Or maybe it was to make Iran a bit uncomfortable by parking a now-U.S. friendly pawn right on their front doorstep. In light of our continuing difficulties with intimidating Iran out of continuing its quest for a nuclear deterrent against U.S. hegemony, it doesn't seem to be working all that well. I'm pretty sure it wasn't to "win hearts and minds" as so many claimed. If we wanted to do that, we wouldn't have sent our troops in the first place.

    At any rate, as the war dragged on, more people came to the foregone conclusion that being in Iraq was a bad idea overall. Generally speaking, it became less and less fashionable to cheer on the Iraq War. Even the pundits who made their career riding the "Shock and Awe" orgasm changed their tune when they learned the batteries were just about out of juice.

    And what of Iraq itself, aside from the inevitable ethnic/sectarian conflicts that have now popped up without Saddam or any other strongman-type as a definite check? Well, there's this:

    Ten years after the invasion that toppled Saddam Hussein and smashed Iraq’s military, the country has become a major buyer of military equipment, spending billions to rebuild its armed forces.

    In doing so, Iraq has become a customer of some of the same companies that supplied the weapons used to attack Baghdad’s troops in 2003.(...)

    (...)With a security and defence budget of about $16.4 billion for 2013 and a commitment to rebuilding its forces, Iraq offers significant opportunities for defence and security firms.

    “From a vendor’s perspective, between the US and Iraqi funding, there’s been a lot of money spent on defence goods and equipment in this country,” said Chris King of Britain-based BAE Systems, one of the companies at the expo.

    “They’re buying F-16s, they’re buying M1A1 tanks, they’ve bought equipment from other countries. So, there’s a market here,” King said.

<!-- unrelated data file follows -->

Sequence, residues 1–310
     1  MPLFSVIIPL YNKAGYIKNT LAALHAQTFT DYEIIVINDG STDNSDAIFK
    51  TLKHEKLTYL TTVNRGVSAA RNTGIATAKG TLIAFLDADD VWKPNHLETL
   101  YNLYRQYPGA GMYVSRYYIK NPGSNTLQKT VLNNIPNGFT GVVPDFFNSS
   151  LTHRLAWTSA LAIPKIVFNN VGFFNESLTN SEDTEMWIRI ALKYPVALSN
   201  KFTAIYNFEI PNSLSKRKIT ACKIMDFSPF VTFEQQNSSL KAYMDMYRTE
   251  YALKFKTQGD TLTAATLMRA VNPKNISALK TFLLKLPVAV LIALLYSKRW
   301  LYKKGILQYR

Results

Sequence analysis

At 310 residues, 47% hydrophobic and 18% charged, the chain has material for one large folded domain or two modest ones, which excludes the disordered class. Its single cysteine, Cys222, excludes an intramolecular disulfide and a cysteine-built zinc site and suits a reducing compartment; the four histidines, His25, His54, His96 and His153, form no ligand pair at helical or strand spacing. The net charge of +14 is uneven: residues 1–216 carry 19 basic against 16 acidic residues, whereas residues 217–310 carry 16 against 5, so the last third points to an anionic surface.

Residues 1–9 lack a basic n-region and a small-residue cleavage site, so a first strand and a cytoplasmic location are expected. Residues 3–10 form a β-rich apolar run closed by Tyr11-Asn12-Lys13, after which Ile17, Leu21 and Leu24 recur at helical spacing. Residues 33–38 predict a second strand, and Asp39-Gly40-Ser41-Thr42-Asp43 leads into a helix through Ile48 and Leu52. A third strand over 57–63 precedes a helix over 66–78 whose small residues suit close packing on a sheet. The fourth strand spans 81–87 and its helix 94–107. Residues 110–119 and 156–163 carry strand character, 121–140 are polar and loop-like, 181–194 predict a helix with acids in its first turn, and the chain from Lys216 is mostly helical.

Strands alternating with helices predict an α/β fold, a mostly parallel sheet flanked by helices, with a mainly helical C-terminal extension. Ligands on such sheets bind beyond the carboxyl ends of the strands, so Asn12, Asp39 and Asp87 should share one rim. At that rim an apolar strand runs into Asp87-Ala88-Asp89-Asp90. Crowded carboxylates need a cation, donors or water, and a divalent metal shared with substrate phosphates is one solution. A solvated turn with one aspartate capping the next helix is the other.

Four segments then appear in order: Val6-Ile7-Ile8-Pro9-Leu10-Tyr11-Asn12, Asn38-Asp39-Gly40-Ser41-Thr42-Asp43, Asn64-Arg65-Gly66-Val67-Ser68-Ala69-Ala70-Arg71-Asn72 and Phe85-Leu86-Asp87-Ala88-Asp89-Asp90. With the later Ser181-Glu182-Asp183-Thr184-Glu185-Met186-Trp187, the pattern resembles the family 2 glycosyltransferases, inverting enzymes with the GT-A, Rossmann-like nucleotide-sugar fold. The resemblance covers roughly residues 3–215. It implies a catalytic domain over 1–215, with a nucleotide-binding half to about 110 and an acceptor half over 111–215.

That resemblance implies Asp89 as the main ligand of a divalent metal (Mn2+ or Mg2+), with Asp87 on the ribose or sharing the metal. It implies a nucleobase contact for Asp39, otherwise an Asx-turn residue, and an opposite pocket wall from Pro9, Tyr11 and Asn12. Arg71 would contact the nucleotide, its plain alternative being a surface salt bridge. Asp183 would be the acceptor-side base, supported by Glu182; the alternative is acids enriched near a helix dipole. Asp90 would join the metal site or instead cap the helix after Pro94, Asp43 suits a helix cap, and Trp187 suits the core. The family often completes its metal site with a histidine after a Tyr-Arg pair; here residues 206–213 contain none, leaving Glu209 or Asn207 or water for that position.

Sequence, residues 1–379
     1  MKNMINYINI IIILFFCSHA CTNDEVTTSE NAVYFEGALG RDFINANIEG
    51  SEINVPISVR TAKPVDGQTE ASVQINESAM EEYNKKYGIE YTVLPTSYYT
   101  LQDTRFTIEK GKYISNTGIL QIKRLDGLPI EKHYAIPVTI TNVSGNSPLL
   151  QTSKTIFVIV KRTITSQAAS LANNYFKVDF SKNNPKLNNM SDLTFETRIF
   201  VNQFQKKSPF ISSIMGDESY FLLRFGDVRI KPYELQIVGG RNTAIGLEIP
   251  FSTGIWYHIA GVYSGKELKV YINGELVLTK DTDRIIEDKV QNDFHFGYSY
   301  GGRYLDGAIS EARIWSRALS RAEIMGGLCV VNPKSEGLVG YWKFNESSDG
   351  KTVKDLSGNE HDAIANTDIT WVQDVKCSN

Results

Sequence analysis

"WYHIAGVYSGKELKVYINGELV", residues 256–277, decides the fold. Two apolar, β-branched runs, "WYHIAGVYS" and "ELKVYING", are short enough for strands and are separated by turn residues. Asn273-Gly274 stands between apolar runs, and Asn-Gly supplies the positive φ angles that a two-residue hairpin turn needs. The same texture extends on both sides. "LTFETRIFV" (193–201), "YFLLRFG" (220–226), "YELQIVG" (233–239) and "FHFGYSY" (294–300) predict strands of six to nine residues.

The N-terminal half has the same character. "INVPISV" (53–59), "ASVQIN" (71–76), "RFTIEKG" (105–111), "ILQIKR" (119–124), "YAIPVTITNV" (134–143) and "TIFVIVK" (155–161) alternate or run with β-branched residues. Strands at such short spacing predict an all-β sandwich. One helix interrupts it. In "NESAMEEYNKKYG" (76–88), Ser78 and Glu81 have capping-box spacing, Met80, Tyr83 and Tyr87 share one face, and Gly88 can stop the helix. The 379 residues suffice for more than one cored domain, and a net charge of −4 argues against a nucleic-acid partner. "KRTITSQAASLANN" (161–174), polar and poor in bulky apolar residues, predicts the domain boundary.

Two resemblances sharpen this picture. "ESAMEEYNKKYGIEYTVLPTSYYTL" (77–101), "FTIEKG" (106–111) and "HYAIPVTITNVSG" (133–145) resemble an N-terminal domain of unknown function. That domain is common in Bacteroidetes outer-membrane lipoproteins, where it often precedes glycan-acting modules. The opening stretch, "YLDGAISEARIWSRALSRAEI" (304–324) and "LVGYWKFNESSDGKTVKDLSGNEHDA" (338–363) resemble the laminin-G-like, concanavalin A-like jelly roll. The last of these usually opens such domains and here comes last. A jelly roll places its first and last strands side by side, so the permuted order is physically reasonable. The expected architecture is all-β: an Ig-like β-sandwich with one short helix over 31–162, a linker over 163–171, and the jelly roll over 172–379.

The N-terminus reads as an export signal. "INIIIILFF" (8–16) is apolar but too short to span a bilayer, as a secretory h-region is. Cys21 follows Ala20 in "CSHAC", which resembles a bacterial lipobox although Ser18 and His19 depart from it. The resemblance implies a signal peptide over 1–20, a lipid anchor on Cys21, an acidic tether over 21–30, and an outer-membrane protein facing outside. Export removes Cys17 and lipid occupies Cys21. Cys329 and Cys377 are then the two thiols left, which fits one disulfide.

“The Iraqi market is increasing, or at least it seems to be a market that’s gonna continue to spend on procurement at some steady level, if not a larger level over time,” he said.

    The Iraqis aim “to rebuild their military, air force and everything, so there are many (areas) to cooperate with them as far as defence companies’ point of view,” noted Sang Choi of Korea Aerospace Industries.

    Musab Alkateeb of US-based Honeywell International added that Iraq is “purchasing a great deal of equipment,” and its “procurement activity is sufficient to warrant interest from international firms.”

    Representatives of aerospace companies were especially interested in advertising their jet training aircraft, given Iraq’s need for advanced trainers to complement the 36 F-16 warplanes it has ordered from the United States.

    Though US troops departed Iraq in December 2011, the United States is still the main arms supplier for the country, which has taken delivery of US military equipment ranging from M113 armoured personnel carriers and M1 Abrams tanks to M-16 assault rifles.

    The United States has also assisted Iraq in fielding equipment and training.

    So, after 8 years, 4,487 deaths and over $1.7 trillion spent, we've managed to turn Iraq into a client state that's a viable customer for U.S.-made military hardware. Well, not just military hardware, but practically anything that's in need of rebuilding.

    Maybe that's what Junior meant when he declared, "mission accomplished."